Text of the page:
COVID-19: Africa’s elderly may benefit from social structures
- Africa’s older population may be less vulnerable because of community structure
- In Western nations, older people bear the brunt of the continuing COVID-19 pandemic
- Each setting should develop context-relevant policies to halt the pandemic
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[NAIROBI] As coronavirus continue to spread globally, Africa’s older population of over 60 may be less vulnerable because of community structure, a scientist says.
According to Marianne Mureithi, a lecturer at the Department of Medical Microbiology at Kenya’s University of Nairobi, the elderly play important of roles such as being elders and gatekeepers in the community and Africa has not neglected older adults.
She is attributing the high rate of Coronavirus infection among the old in Western countries to, among others, overcrowded nursing homes or similar facilities for housing older people.
In an editorial published in the BMJ this month (13 March), scientists say that because African countries have relatively young populations, the needs of people over 60 years old are frequently neglected, adding that increased age leads to reduced immunity and a higher chances of having underlying medical conditions including diabetes and lung diseases.
“Our older folks play such a pivotal role in the community. They are accorded great respect and are not entirely neglected.”
Marianne Mureithi, University of Nairobi
But throughout most of the developing world, according to a study, giving support for older people is still primarily a family responsibility: “Traditionally, in Sub-Saharan Africa, the primary source of support has been the household and family, supplemented in many cases by other informal mechanisms, such as kinship networks and mutual aid societies”.
In Africa, social protection for the vulnerable is the natural outcome of commonly shared principles of solidarity, reciprocity, and redistribution in an extended family.
“We really do not send our older folks to nursing homes,” explains Mureithi. “It is not a norm as seen in Western countries and our older folks play such a pivotal role in the community as we regard them as elders and gatekeepers of the general community structure, and hence they are accorded great respect and are not entirely neglected.”
Citing Kenya as an example, she tells SciDev.Net that there is a directive from the government to especially protect older people by not taking children from the city to go and stay with them in the villages during this pandemic.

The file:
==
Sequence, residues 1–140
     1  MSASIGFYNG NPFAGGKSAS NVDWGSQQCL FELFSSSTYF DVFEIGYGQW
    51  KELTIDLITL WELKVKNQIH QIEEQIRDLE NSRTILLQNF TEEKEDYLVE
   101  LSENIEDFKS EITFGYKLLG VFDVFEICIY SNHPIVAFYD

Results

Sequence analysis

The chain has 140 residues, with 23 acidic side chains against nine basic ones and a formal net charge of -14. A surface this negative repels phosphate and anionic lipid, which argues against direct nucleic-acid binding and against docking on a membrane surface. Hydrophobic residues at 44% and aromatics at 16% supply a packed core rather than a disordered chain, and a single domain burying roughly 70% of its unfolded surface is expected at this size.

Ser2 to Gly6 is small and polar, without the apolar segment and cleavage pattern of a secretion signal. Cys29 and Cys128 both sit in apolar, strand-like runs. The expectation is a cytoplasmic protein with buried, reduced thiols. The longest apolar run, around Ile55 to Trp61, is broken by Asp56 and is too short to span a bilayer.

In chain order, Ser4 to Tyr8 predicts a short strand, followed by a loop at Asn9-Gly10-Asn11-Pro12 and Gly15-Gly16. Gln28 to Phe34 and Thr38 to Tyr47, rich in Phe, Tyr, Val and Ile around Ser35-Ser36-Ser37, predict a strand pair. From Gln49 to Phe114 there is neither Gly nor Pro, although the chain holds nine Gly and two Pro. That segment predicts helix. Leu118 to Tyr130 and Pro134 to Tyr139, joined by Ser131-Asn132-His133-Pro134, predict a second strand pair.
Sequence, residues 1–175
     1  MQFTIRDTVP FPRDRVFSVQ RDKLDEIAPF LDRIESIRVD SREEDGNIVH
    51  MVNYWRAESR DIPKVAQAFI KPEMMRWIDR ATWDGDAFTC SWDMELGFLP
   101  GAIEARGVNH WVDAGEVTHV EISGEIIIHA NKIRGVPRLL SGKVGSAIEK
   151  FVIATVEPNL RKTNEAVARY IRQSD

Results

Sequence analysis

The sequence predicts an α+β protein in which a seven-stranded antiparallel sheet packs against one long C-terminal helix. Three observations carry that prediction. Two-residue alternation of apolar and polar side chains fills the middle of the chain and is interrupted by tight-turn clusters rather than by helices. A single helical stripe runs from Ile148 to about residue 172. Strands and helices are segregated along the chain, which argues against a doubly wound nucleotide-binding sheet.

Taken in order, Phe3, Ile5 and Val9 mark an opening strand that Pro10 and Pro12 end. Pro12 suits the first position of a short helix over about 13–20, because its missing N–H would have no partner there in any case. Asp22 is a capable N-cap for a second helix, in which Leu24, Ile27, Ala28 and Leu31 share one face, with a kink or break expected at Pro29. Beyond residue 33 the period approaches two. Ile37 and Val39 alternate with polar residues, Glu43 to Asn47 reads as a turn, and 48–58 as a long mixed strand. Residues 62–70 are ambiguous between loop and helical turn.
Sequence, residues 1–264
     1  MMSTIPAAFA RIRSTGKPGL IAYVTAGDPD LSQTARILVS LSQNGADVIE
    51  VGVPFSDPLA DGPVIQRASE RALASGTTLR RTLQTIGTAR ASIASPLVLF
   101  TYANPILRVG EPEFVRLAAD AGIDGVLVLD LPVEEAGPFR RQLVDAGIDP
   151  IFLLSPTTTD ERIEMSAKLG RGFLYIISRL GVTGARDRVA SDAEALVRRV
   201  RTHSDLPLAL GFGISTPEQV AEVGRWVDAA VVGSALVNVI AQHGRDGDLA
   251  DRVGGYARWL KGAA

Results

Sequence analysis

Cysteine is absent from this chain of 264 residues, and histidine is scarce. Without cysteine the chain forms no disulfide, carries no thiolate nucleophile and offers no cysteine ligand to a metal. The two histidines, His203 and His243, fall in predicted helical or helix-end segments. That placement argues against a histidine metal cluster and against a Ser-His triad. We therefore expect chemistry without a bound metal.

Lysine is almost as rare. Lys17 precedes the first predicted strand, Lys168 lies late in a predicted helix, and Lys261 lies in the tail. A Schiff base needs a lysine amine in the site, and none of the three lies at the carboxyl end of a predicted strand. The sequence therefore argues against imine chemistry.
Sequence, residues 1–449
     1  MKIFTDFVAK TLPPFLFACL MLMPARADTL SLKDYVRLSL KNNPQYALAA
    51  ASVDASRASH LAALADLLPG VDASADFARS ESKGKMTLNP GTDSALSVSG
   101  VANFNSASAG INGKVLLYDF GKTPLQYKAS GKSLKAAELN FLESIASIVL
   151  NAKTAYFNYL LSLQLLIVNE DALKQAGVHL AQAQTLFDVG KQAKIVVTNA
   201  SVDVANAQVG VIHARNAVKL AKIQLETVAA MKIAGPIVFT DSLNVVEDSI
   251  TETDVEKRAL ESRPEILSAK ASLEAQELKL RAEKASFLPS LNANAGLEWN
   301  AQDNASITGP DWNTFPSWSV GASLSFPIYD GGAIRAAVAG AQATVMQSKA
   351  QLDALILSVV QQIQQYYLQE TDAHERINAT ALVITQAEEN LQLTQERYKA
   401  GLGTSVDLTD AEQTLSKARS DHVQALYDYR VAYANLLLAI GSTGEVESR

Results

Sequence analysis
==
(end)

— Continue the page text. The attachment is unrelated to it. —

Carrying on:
In the BMJ editorial scientists are arguing that in the low-and middle-income countries (LMICs) the elderly will be disproportionately affected by coronavirus, making the need for policies focusing on them urgent.
“Given budgetary constraints in LMICs and the high burden of disease, the needs of younger populations such as mothers and children…are given priority,” says Peter Lloyd-Sherlock, a co-author of the editorial and professor of social policy and international development at the UK-based University of East Anglia.
He tells SciDev.Net that older people in LMICs have complex health and social needs. Healthcare services are poorly equipped to deal with older persons’ health needs. There is a shortage of geriatric expertise and insufficient time to give older people the attention they need.
But Christian Happi, director of African Center of Excellence for Genomics of Infectious Diseases, says he is not sure much older people in Africa are ignored.
“Although Africa may not have the physical infrastructure to deal with COVID-19 outbreak, African countries have more experience in dealing with disease outbreaks,” he says.
Happi, a professor of molecular biology at Redeemer’s University, Nigeria, adds that, “Most African countries are often in outbreak response mode. There is just a need for better coordination and resource mobilisation on the continent.”
“Each setting will have to develop context-relevant approaches to social distancing for the most vulnerable,” says Marsh. “This will be very challenging.”
This piece was produced by SciDev.Net’s Sub-Saharan Africa English desk.